Whether it is your first time or fifth, having a new baby is an exciting and wonderful event. Expanding your family also requires much preparation, such as ensuring you have everything you need to care for the baby and going to doctor appointments.
Although your to-do list may already be very long, one important thing to add to it is creating or updating estate plans. Preparing for emergencies is not just something for older folks. Your sudden incapacitation or death will affect your little one, and you do not want to leave it up to a court to decide what happens to the baby and your assets.
Protect your child’s future
Estate plans help your wishes to come to fruition when you are no longer able to care for yourself or your family or when you pass on. The aspects that are most beneficial when young children are involved include the following:
- Will: In your will, you name the beneficiaries of your assets, outlining who gets what and how much.
- Trust: A trust is an account to which you transfer eligible assets. It offers protection from estate taxes, debt collection and probate. You can create one for your child and name a trustee to manage the trust until your child is old enough to take over.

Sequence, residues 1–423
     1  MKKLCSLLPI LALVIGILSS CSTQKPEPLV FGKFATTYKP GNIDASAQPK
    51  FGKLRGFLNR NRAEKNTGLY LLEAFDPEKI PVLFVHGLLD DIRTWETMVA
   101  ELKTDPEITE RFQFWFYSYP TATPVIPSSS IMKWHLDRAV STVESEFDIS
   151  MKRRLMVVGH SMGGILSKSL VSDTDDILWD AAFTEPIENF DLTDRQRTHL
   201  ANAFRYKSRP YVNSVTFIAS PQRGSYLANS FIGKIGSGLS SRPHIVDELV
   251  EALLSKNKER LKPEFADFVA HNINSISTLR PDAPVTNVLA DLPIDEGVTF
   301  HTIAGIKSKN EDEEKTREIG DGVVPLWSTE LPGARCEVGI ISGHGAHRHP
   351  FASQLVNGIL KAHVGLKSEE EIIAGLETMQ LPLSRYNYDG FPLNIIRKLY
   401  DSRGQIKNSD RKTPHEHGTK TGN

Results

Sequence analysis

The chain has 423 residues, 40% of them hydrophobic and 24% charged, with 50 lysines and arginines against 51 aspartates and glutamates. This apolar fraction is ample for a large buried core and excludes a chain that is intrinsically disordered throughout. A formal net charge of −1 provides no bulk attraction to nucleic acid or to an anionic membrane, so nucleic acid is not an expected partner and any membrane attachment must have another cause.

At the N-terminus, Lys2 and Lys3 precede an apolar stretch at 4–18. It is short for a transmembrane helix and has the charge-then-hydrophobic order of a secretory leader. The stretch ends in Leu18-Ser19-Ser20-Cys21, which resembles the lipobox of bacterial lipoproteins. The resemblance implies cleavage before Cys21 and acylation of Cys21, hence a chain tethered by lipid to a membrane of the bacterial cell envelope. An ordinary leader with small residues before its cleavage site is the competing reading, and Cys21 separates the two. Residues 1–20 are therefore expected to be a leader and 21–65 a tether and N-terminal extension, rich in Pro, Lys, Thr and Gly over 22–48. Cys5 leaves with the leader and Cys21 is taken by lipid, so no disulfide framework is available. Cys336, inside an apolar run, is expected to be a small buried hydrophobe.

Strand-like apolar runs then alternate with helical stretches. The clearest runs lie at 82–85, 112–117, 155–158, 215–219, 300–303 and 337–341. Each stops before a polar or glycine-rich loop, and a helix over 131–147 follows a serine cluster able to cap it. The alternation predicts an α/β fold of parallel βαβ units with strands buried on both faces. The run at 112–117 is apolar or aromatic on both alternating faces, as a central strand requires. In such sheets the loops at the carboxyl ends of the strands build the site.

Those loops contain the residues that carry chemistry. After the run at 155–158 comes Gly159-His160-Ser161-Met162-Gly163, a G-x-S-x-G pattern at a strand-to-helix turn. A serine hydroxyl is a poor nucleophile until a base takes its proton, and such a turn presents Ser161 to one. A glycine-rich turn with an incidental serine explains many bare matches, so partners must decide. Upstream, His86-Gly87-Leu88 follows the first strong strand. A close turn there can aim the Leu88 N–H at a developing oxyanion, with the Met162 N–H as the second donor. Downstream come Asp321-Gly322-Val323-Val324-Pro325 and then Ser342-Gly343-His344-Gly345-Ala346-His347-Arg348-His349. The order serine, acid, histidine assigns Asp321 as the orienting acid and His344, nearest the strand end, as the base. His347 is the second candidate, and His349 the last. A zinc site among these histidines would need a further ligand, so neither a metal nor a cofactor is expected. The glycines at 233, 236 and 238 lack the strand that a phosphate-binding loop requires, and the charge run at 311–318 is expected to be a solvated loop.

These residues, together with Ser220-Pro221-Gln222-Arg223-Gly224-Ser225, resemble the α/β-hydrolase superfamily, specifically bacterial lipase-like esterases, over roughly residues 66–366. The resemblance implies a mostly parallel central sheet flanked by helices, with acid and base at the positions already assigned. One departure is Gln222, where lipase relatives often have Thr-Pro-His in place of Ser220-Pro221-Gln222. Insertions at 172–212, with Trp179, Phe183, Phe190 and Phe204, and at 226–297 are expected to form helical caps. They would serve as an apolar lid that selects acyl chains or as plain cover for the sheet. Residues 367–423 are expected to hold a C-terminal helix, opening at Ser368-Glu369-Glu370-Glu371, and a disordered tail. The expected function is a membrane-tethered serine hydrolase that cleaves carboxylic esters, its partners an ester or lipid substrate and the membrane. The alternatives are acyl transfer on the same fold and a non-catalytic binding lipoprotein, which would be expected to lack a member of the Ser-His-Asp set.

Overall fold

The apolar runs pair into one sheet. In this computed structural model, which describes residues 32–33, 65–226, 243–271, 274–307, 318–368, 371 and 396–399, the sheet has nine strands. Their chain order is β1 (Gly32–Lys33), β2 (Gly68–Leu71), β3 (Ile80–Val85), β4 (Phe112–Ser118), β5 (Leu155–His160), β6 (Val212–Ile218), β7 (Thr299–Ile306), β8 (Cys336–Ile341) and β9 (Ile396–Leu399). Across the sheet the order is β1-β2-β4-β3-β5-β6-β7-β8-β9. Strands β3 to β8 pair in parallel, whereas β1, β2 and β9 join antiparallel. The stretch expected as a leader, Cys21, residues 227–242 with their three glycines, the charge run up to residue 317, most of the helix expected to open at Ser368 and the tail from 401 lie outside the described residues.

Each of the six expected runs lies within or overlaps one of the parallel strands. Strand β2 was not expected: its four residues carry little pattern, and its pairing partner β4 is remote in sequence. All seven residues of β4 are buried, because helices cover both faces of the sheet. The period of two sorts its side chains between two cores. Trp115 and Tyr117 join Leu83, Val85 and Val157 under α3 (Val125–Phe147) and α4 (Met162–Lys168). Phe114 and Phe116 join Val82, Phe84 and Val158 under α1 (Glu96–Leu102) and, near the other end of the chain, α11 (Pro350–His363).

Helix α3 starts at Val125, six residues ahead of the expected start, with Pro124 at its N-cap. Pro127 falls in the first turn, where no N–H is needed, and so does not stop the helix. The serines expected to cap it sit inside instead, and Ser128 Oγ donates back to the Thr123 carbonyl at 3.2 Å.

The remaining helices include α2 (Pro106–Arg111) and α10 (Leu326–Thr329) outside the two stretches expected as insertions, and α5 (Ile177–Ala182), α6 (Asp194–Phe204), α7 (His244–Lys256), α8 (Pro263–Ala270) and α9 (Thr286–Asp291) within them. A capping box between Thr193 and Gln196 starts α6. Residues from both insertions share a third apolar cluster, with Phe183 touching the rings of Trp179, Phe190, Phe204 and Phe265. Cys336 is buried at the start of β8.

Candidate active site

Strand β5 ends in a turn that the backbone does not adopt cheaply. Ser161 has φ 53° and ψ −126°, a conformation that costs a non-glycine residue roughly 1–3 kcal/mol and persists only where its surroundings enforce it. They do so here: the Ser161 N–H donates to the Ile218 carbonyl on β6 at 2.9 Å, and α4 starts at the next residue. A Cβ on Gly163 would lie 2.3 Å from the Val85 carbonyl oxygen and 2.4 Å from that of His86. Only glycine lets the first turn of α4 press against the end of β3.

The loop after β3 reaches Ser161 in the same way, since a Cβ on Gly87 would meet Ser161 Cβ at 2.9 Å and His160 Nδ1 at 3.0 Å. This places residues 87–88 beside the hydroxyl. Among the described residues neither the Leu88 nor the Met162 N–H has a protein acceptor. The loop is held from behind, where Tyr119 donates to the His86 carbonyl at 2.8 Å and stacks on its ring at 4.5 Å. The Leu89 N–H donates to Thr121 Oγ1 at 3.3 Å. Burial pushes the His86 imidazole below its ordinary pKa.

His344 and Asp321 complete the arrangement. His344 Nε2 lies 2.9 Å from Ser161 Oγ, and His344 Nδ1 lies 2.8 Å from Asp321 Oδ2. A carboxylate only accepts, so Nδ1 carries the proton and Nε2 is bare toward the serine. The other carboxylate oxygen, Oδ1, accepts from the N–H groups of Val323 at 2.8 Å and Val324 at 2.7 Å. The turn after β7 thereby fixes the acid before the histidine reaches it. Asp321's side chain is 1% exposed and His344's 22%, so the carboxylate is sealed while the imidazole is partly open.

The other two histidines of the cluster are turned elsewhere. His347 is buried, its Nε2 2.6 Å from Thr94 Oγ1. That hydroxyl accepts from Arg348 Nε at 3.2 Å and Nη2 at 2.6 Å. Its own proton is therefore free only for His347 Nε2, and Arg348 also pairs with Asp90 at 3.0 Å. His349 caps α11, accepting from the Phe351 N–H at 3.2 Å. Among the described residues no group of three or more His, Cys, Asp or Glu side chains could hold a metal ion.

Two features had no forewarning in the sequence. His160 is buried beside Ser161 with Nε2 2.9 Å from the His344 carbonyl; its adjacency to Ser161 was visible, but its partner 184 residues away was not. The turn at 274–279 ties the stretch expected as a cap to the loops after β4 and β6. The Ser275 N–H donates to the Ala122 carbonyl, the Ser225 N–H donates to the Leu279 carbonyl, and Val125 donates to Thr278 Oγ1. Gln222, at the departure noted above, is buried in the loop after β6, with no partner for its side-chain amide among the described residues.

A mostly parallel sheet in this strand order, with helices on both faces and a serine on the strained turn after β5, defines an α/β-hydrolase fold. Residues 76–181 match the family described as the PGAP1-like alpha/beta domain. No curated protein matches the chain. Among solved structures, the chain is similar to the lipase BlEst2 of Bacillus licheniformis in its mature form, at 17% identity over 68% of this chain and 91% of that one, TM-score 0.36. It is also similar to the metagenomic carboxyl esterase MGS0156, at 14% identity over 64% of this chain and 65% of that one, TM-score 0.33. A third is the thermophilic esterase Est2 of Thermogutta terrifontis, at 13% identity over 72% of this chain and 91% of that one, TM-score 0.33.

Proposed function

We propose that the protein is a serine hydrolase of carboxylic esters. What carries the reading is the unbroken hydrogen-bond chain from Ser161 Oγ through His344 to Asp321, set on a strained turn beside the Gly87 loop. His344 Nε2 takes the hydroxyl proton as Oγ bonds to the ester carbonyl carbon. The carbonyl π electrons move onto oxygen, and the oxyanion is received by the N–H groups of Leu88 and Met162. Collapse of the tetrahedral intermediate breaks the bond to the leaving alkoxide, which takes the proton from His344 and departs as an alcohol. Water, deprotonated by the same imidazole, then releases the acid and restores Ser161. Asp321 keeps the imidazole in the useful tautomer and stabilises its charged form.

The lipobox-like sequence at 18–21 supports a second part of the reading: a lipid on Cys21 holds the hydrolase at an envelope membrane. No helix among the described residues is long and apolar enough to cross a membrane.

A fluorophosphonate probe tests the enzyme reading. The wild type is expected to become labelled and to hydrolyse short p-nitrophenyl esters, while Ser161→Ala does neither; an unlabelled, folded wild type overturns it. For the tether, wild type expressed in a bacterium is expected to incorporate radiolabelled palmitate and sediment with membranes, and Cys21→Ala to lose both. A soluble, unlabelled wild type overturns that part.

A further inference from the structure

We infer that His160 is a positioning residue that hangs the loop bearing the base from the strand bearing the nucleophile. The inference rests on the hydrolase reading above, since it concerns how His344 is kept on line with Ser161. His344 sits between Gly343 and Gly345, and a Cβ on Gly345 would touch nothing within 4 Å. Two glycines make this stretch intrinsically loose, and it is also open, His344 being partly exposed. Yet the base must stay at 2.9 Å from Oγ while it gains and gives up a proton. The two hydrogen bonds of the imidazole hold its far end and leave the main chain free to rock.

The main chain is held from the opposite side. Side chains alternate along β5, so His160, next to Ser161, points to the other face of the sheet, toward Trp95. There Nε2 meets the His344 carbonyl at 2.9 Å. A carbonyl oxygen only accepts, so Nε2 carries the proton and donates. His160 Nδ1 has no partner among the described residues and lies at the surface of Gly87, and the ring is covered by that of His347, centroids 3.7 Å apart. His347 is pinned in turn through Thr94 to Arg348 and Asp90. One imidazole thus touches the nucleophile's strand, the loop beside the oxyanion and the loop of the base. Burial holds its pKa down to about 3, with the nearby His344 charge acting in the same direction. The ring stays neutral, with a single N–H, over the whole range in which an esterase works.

- Guardianship: The most important question to answer is who will be the guardian of your child if both parents die. As you review options, consider age, health, responsibility, stability, parenting style and religious beliefs. Name a backup in case your first choice becomes unavailable due to illness or death or decides not to take the role when the time comes. You can also name a temporary guardian for brief emergencies.
- Executor: You need someone whom you trust to manage the affairs of your estate and protect its beneficiaries, which includes your child.
Other necessary documents include medical and durable powers of attorney, as well as a living will. With the birth of every child, review and revise your estate plans.